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Six Poems by Michael Palma

Ray Charles at the Copa | The Flowers | Nothing to Get Hung About
| Roundelay | By the Old Canal | After Thoreau

Michael Palma has published two poetry chapbooks, The Egg Shape and Antibodies, and a full-length collection, A Fortune in Gold, (Gradiva Publications, P.O. Box 831, Stony Brook, NY 11790.) as well as an Internet chapbook, The Ghost of Congress Street: Selected Poems, on The New Formalist Press Web site. His eleven translations include prize-winning volumes of Guido Gozzano, Franco Buffoni, Paolo Valesio, Ljuba Merline Bortolani, Maura Del Serra (with Emanuel di Pasquale), Alfredo de Palchi (with Luigi Bonaffini), Enzo Varollo, and Diego Valeri with Princeton University Press. His fully rhymed version of Dante’ s Inferno was published by W.W. Norton in 2002, and reissued as a Norton Critical Edition in 2007. His translation of the poetry of Giovanni Raboni, for which he won the Raiziss/de Palchi Translation Fellowship, was published by Chelsea Editions. He has also published books by Sergio Corazzini, Armando Patti, Luigi Fontanella and edited New Italian Poets with Dana Gioia, as well as a volume of translations from Luciano Erba with Alfredo de Palchi. His essay “The Road to Rome, and Back Again” appeared in The Pushcart Prize XVII (2003). He is, also, the poetry editor for Italian Americana magazine. A former New Yorker, he currently resides in Vermont with his wife Victoria. The following are sample poems by Michael Palma's from his extensive works.

Ray Charles at the Copa

He stands in shadow, waiting to go on,
Alone inside his mind as mother care
Sits aching in his muscles. Spotlights flare,
The trumpets call his name, his frown is gone.

He hovers at the piano, reaches out
And like a woman it is one with him,
Rippling in his rhythms. Spotlights dim.
He hunches down into his edging shout.

He strains for every wound on every skin
Until they open out along his flesh,
Ripe and sparkling. The ripped pieces mesh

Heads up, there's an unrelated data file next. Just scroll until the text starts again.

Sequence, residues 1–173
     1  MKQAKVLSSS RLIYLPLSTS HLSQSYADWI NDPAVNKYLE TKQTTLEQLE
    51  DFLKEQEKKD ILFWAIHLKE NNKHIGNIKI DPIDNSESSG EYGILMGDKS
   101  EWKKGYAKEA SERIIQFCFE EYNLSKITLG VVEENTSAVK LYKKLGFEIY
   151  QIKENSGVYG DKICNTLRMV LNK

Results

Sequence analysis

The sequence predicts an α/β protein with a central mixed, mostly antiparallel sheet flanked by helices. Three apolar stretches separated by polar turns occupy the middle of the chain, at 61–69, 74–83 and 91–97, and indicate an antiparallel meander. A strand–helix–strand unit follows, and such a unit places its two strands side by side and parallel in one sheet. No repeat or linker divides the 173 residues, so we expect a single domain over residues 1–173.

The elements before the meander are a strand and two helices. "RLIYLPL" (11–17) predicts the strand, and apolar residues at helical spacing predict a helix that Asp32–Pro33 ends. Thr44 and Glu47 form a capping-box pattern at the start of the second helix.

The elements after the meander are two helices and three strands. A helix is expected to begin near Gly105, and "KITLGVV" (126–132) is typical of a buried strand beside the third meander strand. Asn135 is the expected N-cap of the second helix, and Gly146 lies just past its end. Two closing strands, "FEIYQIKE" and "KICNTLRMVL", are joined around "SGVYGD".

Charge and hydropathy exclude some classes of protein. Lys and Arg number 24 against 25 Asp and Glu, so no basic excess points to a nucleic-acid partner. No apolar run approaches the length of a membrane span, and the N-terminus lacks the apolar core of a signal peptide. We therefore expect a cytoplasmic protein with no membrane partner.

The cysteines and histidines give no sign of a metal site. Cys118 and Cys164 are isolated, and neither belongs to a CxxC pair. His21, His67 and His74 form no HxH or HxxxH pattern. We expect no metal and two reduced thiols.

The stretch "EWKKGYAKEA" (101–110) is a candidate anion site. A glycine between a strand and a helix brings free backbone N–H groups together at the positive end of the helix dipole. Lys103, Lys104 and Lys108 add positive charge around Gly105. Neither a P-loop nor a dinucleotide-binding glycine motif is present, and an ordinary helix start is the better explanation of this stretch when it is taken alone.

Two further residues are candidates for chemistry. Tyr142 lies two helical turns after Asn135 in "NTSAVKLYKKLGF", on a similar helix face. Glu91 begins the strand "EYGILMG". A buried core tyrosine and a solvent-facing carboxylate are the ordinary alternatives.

Into a mouth that sucks the darkness in.

He moans and rocks, the piano rocks and screams,
Soul flares its fingers and the body dreams.

The Flowers

Who wants to hear
All about the flowers,
All the splendid shoots,
The delicate names?
How they take no thought
For the heart's desire--
So perishable,
So lightly arrayed?

Who wants to know
How they put to shame
All our solid rubbish,
Our heavy dreams?
How they lean toward heaven
And live in air?
Who loves the flowers
Will never love me.

Nothing to Get Hung About

He was wrong, he knew it, he was the teacher, he
Had to back his shredded argument. The child,
Lost in his rightness, publicly stupid, smiled
To no one, "I don't know what's wrong with me,
I guess I just don't want to be any more."
His file said genius. He was just turned four.

"Is that what they call you?" And the doctor said
A stabbing word that children just turned five
Don't say, in books. The boy's laugh was a shout--
"I always make a mess of things!"--already
Wearing his bull's-eye. Please keep me alive,
His eyes were saying, don't let me fall out.

They kept him alive to weather, alive to night,
To what boiled up inside him, not much more.
Time went, so he went with it, just as far
As it would take him, just to see what might
Be waiting for him, trying now and then
His dances on the edge, but hanging in.


"Would you like to come in?" he asked,
And she looked at him as if
No woman had ever entered his house
For a decent purpose. He smiled.

"What do you think about?" she asked,
Trailing her fingers along the table,
Turning from the waist.
He stepped behind her. "Oh,

About a woman coming here,
Bringing me her personal body,
Me showing her its separate life,
Giving her toes new reasons to exist."

He sipped at her ear. "About the tawny
Nape that hides beneath her hair."
His fingers tiptoed up her ribs
To find the doorbells of desire.

"Give up your fantasy to me,
Let me make it true for you."
The bed was moving across the room,
Coming to meet them. He turned her around.

Now he was doing strong things with her
Now he was open and upon her
Rushing sliding tumbling to her
As far as his mind could take her

Now she was climbing to meet him
Their bodies moaned together
Their minds flew out the window
They came apart everywhere

Loosely fastened, brains seeping back,
They lay. Cradling him,
She wondered who he was.
"What do you think about?" he asked.

By the Old Canal

If only there were music
We could dance.

Awash in amniotic data,
Anomie and blague,
All the old words
Cascading in a mantra,
Until quietly he told her,
Ours is a perfect romance.
You are always possible,
A check I'll never cash.
Distant, unrealizable,
Yet comforting--a star.
To say more would be madness.
We must never meet again.

If only we could dance
There would be music.

After Thoreau

The mass of men lead lives
Of quiet desperation.
For every one who strives
When misery arrives,
Ten shrivel in frustration.

The blood proposes riot.
For each one pricked to try it,
Scores mutter, and let pass.
More desperately quiet
Grow the lives that men amass.

All indications show where
All pathways bring them nowhere.
Too schooled to suffer needs,
How quietly men go where
Their desperation leads.

Copyright ©2002-09 by Michael Palma. All rights reserved, including electronic. Cannot be reprinted without expressed permission of the author.

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